DETECTIVE FRANK GEYER WAS A big man with a pleasant, earnest face, a large walrus mustache, and a new gravity in his gaze and demeanor. He was one of Philadelphia’s top detectives and had been a member of the force for twenty years, during which time he had investigated some two hundred killings. He knew murder and its unchanging templates. Husbands killed wives, wives killed husbands, and the poor killed one another, always for the usual motives of money, jealousy, passion, and love. Rarely did a murder involve the mysterious elements of dime novels and mystery stories. From the start, however, Geyer’s current assignment—it was now June 1895—had veered from the ordinary. One unusual aspect was that the suspect already was in custody, arrested seven months earlier for insurance fraud and now incarcerated in Philadelphia’s Moyamensing Prison
Erik Larson (The Devil in the White City)
It has been said that the world of Proust was a world without a god. If that is true, it is not because God is never spoken of, but because the ambition of this world is to be absolute perfection and to give to eternity the aspect of man. Time Regained, at least in its aspirations, is eternity without God. Proust's work, in this regard, appears to be one of the most ambitious and most significant of man's enterprises against his mortal condition. He has demonstrated that the art of the novel can reconstruct creation itself, in the form that it is imposed on us and in the form in which we reject it. In one of its aspects, at least, this art consists in choosing the creature in preference to his creator. But still more profoundly, it is allied to the beauty of the world or of its inhabitants against the powers of death and oblivion. It is in this way that his rebellion is creative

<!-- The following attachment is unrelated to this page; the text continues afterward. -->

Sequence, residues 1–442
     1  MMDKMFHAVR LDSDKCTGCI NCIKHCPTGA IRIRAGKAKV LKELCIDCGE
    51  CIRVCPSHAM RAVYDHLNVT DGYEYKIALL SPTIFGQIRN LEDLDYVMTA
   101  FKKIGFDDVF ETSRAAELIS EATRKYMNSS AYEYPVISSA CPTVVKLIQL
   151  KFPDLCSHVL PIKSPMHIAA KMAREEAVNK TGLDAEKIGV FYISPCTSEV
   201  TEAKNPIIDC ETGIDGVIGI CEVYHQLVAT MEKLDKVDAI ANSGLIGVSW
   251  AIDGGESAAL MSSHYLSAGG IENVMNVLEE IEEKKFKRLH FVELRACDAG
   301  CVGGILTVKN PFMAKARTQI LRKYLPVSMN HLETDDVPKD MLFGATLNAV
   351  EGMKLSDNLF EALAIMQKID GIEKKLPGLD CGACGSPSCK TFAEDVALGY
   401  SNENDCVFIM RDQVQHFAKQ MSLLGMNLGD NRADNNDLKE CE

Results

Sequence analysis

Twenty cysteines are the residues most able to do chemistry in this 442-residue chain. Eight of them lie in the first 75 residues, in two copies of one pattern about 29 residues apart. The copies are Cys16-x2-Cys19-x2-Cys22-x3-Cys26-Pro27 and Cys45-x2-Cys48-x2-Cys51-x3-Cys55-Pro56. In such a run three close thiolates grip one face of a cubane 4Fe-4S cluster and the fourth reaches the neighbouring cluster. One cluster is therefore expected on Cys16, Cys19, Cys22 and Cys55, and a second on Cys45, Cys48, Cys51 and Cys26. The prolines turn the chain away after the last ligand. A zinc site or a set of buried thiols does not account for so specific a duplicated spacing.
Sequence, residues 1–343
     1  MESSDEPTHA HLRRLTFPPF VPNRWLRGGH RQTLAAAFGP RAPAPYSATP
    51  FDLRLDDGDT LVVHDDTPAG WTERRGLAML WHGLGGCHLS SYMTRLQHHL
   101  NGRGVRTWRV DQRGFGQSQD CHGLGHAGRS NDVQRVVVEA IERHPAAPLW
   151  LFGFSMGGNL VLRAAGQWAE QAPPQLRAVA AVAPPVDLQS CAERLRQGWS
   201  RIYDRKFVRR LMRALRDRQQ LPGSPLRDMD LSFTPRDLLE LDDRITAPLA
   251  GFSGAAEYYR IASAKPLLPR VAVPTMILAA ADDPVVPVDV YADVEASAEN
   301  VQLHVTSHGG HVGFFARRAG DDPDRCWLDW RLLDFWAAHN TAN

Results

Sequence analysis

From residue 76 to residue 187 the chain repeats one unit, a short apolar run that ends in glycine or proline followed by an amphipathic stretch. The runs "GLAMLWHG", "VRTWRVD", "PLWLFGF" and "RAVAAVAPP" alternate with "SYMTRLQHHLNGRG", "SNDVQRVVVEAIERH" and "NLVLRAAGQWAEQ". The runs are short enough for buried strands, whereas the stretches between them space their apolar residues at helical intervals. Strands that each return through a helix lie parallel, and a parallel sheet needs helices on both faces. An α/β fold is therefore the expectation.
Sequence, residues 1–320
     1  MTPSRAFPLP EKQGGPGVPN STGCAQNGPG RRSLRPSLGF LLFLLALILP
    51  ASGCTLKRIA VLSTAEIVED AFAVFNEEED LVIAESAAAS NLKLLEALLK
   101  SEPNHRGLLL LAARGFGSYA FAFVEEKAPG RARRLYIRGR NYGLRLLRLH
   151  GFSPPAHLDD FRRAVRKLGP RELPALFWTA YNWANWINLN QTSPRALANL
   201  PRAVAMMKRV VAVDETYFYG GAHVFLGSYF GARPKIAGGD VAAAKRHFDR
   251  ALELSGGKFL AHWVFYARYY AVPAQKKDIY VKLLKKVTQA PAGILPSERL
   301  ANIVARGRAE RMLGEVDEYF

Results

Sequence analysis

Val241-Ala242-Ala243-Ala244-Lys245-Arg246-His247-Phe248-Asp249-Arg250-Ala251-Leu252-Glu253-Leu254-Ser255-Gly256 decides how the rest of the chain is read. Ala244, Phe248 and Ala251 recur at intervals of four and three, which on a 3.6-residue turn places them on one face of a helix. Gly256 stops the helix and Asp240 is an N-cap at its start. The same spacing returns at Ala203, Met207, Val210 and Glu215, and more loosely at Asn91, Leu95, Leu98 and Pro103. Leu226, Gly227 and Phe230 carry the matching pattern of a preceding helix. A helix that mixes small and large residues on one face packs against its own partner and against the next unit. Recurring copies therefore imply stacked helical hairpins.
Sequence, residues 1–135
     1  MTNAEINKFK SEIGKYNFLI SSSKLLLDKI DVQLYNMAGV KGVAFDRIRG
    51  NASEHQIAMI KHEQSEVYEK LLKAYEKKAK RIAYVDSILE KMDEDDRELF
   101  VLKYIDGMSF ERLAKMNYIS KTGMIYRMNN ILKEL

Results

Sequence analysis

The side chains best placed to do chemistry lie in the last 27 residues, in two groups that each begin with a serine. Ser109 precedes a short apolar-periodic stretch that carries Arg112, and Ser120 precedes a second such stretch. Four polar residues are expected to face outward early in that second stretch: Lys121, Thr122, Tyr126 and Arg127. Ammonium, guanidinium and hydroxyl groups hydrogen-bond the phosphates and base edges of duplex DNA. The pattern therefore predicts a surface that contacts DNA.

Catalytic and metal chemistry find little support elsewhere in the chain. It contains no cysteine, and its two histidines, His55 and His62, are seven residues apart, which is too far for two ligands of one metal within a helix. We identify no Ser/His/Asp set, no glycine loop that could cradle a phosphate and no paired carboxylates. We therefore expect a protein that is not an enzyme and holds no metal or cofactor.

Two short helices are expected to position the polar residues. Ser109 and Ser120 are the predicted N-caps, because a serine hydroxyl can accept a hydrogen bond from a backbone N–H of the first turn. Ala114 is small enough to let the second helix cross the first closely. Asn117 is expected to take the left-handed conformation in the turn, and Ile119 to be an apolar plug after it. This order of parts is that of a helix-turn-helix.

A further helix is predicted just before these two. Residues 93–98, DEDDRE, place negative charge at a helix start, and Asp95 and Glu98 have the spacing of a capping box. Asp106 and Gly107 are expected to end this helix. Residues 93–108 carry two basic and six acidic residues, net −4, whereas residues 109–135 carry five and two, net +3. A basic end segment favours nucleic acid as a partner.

Albert Camus (The Rebel)
Ever since the French Revolution, people throughout the world have gradually come to see both equality and individual freedom as fundamental values. Yet the two values contradict each other. Equality can be ensured only by curtailing the freedoms of those who are better off. Guaranteeing that every individual will be free to do as he wishes inevitably short-changes equality. The entire political history of the world since 1789 can be seen as a series of attempts to reconcile this contradiction. Anyone who has read a novel by Charles Dickens knows that the liberal regimes of nineteenth-century Europe gave priority to individual freedom even if it meant throwing insolvent poor families in prison and giving orphans little choice but to join schools for pickpockets. Anyone who has read a novel by Alexander Solzhenitsyn knows how Communism’s egalitarian ideal produced brutal tyrannies that tried to control every aspect of daily life.
Yuval Noah Harari (Sapiens: A Brief History of Humankind)
Recently, a judge of the prestigious 2014 British Forward Prize for Poetry was moved to observe that “there is an awful lot of very powerful, lyrical, and readable poetry being written today,” but we need education, because “we have lost the sense that poetry sits halfway between prose and music—that you can’t expect to read it like a novel.” A few years ago, the New York Times published an op-ed of mine, about learning poetry by heart. The response to it confirmed that people of all ages think about poetry as a kind of inspired music, embodying beauty and insight. On one hand, poetry has always flowed from music, as rap and hip-hop remind us big-time. Rappers know how poetry walks and talks. So we have music, or deeply felt recitations of poems that belong to collective memory. On the other hand, we have overly instructive prose poems, as well as the experiments of certain critical ideologies, or conceptual performance art. These aspects seem to represent the public, Janus face of poetry.